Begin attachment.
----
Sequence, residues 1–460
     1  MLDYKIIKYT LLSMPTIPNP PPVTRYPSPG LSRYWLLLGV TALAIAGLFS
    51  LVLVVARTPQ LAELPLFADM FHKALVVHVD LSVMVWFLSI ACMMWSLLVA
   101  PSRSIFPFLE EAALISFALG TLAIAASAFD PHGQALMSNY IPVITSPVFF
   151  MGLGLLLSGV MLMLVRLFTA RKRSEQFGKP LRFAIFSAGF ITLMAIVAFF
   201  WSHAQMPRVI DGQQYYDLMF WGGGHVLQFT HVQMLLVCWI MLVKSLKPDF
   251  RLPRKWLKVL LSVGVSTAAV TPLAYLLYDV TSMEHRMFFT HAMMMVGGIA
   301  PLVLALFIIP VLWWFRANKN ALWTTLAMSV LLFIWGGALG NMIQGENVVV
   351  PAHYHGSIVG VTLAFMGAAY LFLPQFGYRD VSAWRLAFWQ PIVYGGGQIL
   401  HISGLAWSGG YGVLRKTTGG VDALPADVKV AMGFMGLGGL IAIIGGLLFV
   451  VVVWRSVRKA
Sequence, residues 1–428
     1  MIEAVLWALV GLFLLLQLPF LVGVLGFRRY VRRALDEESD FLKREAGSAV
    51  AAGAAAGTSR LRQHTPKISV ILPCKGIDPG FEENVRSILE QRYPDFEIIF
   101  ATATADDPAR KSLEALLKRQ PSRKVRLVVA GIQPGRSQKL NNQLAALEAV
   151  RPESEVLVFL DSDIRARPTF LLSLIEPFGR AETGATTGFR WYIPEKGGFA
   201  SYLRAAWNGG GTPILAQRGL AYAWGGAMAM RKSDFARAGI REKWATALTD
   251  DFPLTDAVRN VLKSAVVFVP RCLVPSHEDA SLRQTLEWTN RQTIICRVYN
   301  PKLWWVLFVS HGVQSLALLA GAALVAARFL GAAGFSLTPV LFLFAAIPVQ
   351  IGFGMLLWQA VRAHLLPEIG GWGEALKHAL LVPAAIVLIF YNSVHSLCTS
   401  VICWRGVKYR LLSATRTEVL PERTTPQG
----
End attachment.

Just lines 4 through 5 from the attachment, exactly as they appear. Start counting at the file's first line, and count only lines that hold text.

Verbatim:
   101  PSRSIFPFLE EAALISFALG TLAIAASAFD PHGQALMSNY IPVITSPVFF
   151  MGLGLLLSGV MLMLVRLFTA RKRSEQFGKP LRFAIFSAGF ITLMAIVAFF